Largely lost in the terrible news out of Orlando this weekend was the passing of a central figure in the early 21st century world of federal management: former Sen. George Voinovich, R-Ohio.
Voinovich, a two-term senator, was a rare political bird: a lawmaker who cared about how government agencies are managed, and especially about the people who work in them.
“He'd talk with anyone who would listen about how the federal government needed to shore up its workforce because impending retirements were going to rob it of a lot of talent,” wrote Stephen Koff in a Cleveland.com obituary.
"We need to stop bashing people who work in government," Voinovich said in 2001. "They are the best-motivated workers we have when they are given the tools, compensation and empowerment to get the job done."
Voinovich’s commitment to government management and workforce issues pre-dated his time in the Senate. As governor of Ohio, he instituted a program called Quality Service Through Partnership to promote labor-management cooperation in the state’s operations.
In 2011, after Voinovich left the Senate, Andrew Richardson, his staff director on the Senate Subcommittee on the Oversight of Government Management, and John Salamone, a staffer on the panel, wrote an appreciation of him for Government Executive. In it, they noted Voinovich had held more than 50 hearings during his tenure on management and human capital issues.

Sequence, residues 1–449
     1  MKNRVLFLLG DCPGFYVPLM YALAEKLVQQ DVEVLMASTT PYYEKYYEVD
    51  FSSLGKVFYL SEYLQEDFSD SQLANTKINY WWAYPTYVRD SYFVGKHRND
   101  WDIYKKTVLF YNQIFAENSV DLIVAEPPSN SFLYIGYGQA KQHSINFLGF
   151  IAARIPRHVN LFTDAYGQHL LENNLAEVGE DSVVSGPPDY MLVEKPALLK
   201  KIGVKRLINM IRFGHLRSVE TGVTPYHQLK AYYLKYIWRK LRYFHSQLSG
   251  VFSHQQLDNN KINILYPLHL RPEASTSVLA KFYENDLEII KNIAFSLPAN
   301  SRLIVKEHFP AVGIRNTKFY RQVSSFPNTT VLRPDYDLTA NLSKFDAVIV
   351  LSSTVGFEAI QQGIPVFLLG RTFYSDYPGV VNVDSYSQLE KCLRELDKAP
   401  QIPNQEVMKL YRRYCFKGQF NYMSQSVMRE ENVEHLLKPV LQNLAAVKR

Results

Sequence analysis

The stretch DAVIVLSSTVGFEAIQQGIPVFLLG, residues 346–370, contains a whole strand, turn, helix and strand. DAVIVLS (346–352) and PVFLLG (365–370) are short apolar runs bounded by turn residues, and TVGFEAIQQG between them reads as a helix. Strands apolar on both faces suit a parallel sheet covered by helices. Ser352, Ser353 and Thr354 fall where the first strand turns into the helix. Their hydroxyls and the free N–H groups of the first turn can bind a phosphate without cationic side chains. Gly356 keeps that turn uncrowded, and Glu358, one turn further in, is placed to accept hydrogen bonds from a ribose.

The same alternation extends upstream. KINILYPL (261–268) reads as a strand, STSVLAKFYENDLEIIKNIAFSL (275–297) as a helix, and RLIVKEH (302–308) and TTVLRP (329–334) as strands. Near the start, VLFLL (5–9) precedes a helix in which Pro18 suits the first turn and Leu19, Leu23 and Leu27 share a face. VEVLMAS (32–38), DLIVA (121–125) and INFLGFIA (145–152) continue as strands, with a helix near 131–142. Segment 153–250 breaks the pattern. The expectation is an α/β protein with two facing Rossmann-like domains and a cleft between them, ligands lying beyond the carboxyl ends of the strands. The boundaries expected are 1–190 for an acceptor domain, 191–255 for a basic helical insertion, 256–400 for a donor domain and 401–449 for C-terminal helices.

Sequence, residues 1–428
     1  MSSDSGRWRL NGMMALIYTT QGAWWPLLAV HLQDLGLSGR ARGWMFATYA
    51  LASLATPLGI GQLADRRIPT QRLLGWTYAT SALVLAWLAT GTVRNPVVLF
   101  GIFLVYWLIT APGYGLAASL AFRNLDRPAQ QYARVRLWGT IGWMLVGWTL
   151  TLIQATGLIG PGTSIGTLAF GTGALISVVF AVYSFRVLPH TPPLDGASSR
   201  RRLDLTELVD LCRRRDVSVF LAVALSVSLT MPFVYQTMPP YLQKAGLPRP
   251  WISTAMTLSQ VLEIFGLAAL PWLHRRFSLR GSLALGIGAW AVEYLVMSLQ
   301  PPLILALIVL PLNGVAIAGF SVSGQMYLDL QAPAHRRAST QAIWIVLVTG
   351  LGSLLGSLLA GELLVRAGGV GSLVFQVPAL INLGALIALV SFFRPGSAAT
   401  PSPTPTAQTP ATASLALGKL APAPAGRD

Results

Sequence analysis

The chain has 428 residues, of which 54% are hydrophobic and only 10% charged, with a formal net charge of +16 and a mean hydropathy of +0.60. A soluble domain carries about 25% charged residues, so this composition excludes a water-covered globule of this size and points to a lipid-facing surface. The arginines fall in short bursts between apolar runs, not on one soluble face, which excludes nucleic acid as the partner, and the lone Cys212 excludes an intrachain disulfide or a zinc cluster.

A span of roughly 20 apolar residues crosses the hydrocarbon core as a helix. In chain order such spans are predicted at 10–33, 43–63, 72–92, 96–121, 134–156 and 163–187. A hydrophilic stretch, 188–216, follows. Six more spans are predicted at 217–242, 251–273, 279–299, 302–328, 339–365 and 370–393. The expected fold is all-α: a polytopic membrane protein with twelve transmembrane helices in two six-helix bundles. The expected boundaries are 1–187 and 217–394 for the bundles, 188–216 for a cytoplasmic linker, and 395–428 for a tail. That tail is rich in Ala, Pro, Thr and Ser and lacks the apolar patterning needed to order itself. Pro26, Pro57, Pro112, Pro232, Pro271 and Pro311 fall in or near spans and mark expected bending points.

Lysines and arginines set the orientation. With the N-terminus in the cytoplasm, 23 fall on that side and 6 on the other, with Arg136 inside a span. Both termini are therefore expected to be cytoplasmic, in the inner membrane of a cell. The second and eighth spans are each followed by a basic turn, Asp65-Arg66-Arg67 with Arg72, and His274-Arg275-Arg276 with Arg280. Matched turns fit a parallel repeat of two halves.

“But the senator was never interested in hosting hearings with little or no outcome,” they wrote. “His goal was to understand a particular issue and leverage his experience and expertise to develop practical solutions to some of government's most perplexing management challenges.”
Voinovich introduced more than 20 legislative proposals related to federal management, many of which became law. “Perhaps the most consequential, Richardson and Salamone wrote, “was the establishment of a chief human capital officer position in departments and agencies to elevate personnel management across government and to give HR professionals a seat at the head table.”
In 2010, Jason Miller of Federal News Radio reported on one of Voinovich’s last hearings, in which he urged agencies to defend themselves and push Congress for the resources they need. Here’s what Voinovich said at the hearing:
“It just drives me crazy that more departments don't really stand up and start raising you know what when we don't give you resources you need to get the job done, particularly in management. There seems to be a lack of appreciation in this body for management and the importance of having the right people, with the knowledge and skills at the right time, and having to give them the tools. I think you ought to stand up and fight and not get rolled. Make a big deal out of it. Get the president involved. If I'm going to get the job done I've got to have the tools to get that job done.”